Urban planning in Barcelona, from blocks to superblocks

by Alexa Balmuth

When we think of an urban setting, we might imagine a neighborhood where space is limited – properties mashed against each other, roads congested with traffic, and green space hard to come by . And while this is often the case, I can’t help but notice the dramatic variability in urban design from city to city.

Boston and New York city are two urban environments in which I have spent a great deal of time throughout my life.  And despite their proximity, their block layouts could not be more different. New York, on a grid system, is relatively easy to navigate. 56th street will come right after 55th street, and the time it takes to get from point A to point B can reliably be calculated by the number of street blocks and avenues over. On the other hand, Boston’s winding mix of one-way and narrow cobblestone roads, which were originally built for horse-drawn carriages, are not the easiest to navigate—unless you’re trying to navigate your way to Dunkin, which you’ll be guaranteed to find at least every five minutes.

And then you have other elements of the city, like nature. While green spaces do exist in both Boston and New York, they often involve a bit of seeking out to find. Central Park is big and beautiful, but in many parts of the city, you could likely walk 10 minutes or more without seeing any nature aside from pigeons. In Boston, I’ve found the layout to be similar – primarily concrete sidewalks with a single tree planted here and there, and perhaps one small public park and playground in each neighborhood. Suffice to say, the lack of comfortable – and beautiful – public spaces might explain why, for as long as I have lived in the Boston area, I have hardly ever known my neighbors. While perhaps the stereotype of the cold New Englander may be partly to blame, I have to imagine that the lack of public gathering spaces – particularly those geared towards interaction – may contribute.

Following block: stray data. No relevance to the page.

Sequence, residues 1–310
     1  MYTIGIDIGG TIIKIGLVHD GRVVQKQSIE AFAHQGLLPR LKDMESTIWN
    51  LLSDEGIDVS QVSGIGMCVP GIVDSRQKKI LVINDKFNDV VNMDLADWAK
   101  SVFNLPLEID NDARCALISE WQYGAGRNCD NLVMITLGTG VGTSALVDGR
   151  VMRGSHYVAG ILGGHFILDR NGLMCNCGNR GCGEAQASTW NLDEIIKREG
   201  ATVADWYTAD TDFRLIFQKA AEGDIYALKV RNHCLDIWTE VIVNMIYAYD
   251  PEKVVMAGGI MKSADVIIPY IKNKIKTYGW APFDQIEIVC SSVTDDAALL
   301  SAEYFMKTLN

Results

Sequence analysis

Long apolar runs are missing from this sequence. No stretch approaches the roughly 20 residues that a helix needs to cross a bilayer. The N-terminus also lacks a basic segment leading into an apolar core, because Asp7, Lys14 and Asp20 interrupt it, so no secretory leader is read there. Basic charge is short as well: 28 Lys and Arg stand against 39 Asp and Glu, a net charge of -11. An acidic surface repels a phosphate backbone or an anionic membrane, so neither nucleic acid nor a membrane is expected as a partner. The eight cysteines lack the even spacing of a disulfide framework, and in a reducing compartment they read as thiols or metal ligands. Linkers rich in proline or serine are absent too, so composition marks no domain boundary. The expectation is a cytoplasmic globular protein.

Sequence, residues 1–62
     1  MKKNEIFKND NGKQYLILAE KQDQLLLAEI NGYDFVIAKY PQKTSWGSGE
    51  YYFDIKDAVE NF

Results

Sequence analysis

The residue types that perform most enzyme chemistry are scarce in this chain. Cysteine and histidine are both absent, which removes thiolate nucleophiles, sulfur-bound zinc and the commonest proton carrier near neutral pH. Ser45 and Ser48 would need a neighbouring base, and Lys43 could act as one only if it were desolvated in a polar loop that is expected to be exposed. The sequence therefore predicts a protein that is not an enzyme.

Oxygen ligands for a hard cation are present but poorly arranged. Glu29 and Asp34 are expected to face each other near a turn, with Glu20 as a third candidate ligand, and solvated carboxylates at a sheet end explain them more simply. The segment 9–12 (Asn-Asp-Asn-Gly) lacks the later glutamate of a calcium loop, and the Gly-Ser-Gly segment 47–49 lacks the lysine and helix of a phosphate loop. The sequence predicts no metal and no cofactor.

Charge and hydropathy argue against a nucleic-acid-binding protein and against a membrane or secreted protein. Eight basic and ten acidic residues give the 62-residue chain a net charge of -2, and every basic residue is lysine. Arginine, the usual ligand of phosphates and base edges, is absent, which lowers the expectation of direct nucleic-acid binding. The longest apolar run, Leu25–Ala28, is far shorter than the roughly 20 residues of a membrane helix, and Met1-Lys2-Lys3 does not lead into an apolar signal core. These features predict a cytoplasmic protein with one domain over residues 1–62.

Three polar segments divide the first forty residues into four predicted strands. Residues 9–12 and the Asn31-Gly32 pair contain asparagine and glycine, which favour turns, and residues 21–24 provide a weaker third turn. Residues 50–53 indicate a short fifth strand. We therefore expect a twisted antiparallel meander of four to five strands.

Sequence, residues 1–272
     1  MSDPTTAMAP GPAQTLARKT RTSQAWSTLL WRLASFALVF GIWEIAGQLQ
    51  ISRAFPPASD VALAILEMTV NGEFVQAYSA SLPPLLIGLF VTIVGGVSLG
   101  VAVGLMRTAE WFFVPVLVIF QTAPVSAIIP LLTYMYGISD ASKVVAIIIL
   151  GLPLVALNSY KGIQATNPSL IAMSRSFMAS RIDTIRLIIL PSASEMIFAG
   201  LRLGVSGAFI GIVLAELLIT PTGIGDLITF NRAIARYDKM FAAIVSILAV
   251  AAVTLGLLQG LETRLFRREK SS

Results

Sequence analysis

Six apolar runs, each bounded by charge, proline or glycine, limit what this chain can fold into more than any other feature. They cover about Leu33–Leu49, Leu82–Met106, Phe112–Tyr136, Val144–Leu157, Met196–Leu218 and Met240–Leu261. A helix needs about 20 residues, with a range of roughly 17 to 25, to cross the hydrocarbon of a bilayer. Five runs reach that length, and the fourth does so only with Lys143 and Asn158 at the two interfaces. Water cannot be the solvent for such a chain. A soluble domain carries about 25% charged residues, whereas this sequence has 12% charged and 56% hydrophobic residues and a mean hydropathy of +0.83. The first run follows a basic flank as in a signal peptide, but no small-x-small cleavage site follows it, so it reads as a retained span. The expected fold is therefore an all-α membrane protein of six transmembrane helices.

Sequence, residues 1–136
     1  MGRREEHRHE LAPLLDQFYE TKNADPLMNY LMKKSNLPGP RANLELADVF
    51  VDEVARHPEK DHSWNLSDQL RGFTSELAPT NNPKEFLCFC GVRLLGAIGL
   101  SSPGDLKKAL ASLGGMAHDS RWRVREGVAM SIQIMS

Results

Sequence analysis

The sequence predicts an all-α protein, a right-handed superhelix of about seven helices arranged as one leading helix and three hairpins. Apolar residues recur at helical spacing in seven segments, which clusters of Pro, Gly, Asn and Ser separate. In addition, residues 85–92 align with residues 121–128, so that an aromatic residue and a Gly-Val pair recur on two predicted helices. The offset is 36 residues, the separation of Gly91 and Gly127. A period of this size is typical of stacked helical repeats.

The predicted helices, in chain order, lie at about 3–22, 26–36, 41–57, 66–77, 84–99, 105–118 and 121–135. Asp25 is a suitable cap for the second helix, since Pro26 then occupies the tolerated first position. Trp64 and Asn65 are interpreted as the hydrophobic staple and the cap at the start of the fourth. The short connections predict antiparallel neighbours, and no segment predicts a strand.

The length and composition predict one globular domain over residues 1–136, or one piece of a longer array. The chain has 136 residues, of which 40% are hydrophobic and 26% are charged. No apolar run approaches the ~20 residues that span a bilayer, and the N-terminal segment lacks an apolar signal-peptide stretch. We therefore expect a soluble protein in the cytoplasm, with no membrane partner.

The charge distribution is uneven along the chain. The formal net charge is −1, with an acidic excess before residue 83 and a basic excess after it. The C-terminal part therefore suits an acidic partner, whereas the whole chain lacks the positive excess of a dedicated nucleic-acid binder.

In places like Boston, it’s easy to brush off the inconveniences and shortcomings of the city structure as parts of the city’s “character”. Those cobblestone roads are a part of history, so we might expect they will never change. But I’d like to challenge that notion. In Barcelona – a place filled with plenty of historical significance as well - city planners and designers are reshaping the ways in which public spaces can be shaped and used.

Superblocks – which take the concept of a grid system to the next level by grouping roads into 3x3 blocks - maximize space between roadways and buildings, creating opportunities for additional benches, playgrounds, parks, or simply open space to socialize or simply exist in public. While easier navigation may be one benefit of this structure, it is far from the only perk; researchers have suggested the restructuring of cities in this way could have wide-reaching benefits to health and well-being, from pedestrian safety to environmental air quality.

When researchers Sophia Ashebir, Lauren Cerino, Taylor Patskanick and I visited Barcelona to meet collaborators back in July, these design elements were hard to ignore.  Bustling playgrounds were as frequent throughout neighborhoods as Dunkin’s would be back home. Outdoor seating was everywhere – both in the form of strategically placed public benches, as well as tables and chairs owned by the bars and restaurants lining each block.

Further, despite having no gym membership, the opportunities we had to be physically active were abundant; sidewalks were comfortably wide for walking, we passed several outdoor exercise parks geared towards adults (one even beautifully placed on the waterfront of a public beach that put my Planet Fitness membership to shame), and Sophia and I even took advantage of the long, diagonal parkway through the city for a morning bike ride. It was easy to imagine the appeal of utilizing these spaces for neighbors (and tourists!) of all ages.

Novel designs like these raise the question of what could be possible for a neighborhood, and what connections, relationships, and healthy behaviors (both physically and socially) a neighborhood could foster – even in the middle of a historically significant urban area, and even amid a pandemic. While “neighborhood” may have myriad meanings, perhaps as more cities develop creative and exciting urban designs to promote wellbeing and togetherness, we can at least keep our imaginations open as to what a neighborhood of the future could be.

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Photo of Alexa Balmuth
Alexa Balmuth

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